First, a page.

Differential sensitivity of neural cells to bilirubin toxicity.

Experimental neurology

PubMedID: 3780913

Notter MF, Kendig JW. Differential sensitivity of neural cells to bilirubin toxicity. Exp Neurol. 1986;94(3):670-82.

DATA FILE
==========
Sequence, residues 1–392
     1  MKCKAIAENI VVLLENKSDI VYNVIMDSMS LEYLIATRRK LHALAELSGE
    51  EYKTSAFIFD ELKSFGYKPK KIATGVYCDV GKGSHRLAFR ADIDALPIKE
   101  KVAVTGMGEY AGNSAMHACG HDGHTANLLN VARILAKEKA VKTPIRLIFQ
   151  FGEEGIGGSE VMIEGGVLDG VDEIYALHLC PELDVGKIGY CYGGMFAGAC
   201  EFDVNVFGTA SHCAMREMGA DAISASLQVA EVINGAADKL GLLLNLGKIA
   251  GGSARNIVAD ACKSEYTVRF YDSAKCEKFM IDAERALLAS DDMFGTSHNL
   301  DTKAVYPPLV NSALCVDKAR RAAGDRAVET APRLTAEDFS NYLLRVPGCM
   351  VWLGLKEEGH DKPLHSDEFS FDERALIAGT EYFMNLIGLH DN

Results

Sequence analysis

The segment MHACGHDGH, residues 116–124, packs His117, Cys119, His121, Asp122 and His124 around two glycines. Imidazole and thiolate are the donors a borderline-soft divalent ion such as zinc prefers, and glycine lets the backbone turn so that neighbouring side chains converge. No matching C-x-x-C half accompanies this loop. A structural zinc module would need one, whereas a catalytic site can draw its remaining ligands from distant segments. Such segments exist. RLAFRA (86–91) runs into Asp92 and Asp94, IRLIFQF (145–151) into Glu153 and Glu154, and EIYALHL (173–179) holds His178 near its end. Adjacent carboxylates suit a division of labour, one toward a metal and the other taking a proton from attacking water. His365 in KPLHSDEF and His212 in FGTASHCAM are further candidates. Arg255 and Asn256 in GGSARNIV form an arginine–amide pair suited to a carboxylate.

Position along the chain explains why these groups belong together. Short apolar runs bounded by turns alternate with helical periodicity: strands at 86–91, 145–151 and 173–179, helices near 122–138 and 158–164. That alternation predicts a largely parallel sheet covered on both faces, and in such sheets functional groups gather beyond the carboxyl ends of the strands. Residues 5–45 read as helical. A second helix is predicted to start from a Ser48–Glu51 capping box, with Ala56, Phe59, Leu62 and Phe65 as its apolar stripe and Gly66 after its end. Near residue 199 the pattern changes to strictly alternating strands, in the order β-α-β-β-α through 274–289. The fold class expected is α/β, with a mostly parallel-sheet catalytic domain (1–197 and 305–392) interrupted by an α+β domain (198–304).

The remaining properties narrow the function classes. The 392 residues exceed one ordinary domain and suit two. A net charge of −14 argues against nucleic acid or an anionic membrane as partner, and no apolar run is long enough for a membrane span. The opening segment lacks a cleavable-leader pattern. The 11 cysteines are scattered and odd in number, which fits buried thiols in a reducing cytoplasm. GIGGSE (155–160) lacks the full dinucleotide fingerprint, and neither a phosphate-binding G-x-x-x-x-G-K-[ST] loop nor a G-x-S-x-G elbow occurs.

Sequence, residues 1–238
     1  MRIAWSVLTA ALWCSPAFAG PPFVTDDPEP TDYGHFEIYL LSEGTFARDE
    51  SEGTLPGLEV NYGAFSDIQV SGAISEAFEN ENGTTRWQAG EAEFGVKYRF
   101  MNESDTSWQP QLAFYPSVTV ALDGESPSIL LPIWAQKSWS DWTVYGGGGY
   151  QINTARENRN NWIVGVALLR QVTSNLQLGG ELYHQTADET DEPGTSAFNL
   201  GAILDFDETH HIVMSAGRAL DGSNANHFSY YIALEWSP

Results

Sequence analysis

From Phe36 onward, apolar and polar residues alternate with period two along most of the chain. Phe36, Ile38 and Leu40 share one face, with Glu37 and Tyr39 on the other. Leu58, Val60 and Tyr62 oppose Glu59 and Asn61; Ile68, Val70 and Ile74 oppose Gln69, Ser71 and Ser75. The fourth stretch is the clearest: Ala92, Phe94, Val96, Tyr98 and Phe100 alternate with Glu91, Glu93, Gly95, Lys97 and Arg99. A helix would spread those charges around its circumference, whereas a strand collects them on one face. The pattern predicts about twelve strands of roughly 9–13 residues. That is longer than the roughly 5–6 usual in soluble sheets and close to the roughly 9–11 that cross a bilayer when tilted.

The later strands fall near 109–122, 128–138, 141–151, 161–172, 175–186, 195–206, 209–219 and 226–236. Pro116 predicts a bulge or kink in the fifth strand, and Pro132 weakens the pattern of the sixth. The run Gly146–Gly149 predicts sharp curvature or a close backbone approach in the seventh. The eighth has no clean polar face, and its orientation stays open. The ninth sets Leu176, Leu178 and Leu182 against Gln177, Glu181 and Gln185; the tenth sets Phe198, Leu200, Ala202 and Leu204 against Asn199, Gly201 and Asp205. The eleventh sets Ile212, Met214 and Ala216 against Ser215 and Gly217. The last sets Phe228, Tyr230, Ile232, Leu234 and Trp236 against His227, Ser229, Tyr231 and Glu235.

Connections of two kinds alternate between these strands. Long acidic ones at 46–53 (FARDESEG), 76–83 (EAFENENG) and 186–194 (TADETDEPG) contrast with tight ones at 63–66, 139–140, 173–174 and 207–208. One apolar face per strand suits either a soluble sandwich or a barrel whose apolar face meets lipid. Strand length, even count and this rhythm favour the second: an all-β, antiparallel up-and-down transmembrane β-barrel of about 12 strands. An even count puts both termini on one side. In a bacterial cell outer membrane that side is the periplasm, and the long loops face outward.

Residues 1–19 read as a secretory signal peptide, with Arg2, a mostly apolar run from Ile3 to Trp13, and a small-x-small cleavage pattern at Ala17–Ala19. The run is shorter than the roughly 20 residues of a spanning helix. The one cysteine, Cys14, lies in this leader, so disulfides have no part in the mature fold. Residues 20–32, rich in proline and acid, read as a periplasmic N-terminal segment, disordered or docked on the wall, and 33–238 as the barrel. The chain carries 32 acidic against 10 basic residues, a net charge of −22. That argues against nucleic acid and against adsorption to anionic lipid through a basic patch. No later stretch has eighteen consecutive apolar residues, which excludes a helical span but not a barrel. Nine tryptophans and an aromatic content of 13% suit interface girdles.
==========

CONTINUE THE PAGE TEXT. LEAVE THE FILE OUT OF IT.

Two established neural cell lines were used to examine the cytotoxicity of bilirubin in vitro. N2AB-1 is a subclone of Neuro 2a from the original C1300 mouse neuroblastoma and C6 glioma is a rat astrocytoma cell line. These cells were grown in monolayer cultures in medium with 10% fetal calf serum containing doses of 5 to 42 microM bilirubin. Morphologic and biochemical characteristics of cell viability were monitored for 72 h. Additional cultures of N2AB-1 were differentiated by treatment with prostaglandin E1/cyclic adenosine monophosphate before exposure to various bilirubin concentrations. The cells were examined every 24 h by phase contrast microscopy and protein synthesis was measured by incorporation of tritiated leucine for appropriate times. N2AB-1 cells were extremely sensitive to bilirubin within 24 h at doses greater than 11 microM. Cells showed swelling, vacuole formation, pigment accumulation, and lift off from the growing surface. Growth of N2AB-1 over 3 days was inhibited in a dose-dependent manner. Moreover, protein synthesis 6 h after bilirubin exposure and 24 h after bilirubin exposure was inhibited in the same dose dependency as cell growth. In contrast, N2AB-1 cells morphologically differentiated by drug treatment showed no effect of bilirubin exposure. Also, mitotically active rat glial cells were resistant to bilirubin toxicity under similar conditions. This study demonstrates that marked differences exist among neural cells in susceptibility in vitro to bilirubin toxicity and that mitotically active neuronal cells are more sensitive to bilirubin treatment than "mature" neurons.